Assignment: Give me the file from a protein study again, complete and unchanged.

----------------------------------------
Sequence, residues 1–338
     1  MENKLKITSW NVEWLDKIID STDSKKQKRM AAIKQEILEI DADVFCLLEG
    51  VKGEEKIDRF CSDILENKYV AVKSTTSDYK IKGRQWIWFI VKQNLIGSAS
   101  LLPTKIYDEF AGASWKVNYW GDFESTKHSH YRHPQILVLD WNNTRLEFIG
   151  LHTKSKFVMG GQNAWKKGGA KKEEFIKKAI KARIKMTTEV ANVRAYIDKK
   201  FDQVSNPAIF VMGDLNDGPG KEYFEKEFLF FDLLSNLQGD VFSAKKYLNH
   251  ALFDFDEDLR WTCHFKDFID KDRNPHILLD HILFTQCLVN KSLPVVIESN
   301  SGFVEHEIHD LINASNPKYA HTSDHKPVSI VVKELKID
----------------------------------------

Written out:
Sequence, residues 1–338
     1  MENKLKITSW NVEWLDKIID STDSKKQKRM AAIKQEILEI DADVFCLLEG
    51  VKGEEKIDRF CSDILENKYV AVKSTTSDYK IKGRQWIWFI VKQNLIGSAS
   101  LLPTKIYDEF AGASWKVNYW GDFESTKHSH YRHPQILVLD WNNTRLEFIG
   151  LHTKSKFVMG GQNAWKKGGA KKEEFIKKAI KARIKMTTEV ANVRAYIDKK
   201  FDQVSNPAIF VMGDLNDGPG KEYFEKEFLF FDLLSNLQGD VFSAKKYLNH
   251  ALFDFDEDLR WTCHFKDFID KDRNPHILLD HILFTQCLVN KSLPVVIESN
   301  SGFVEHEIHD LINASNPKYA HTSDHKPVSI VVKELKID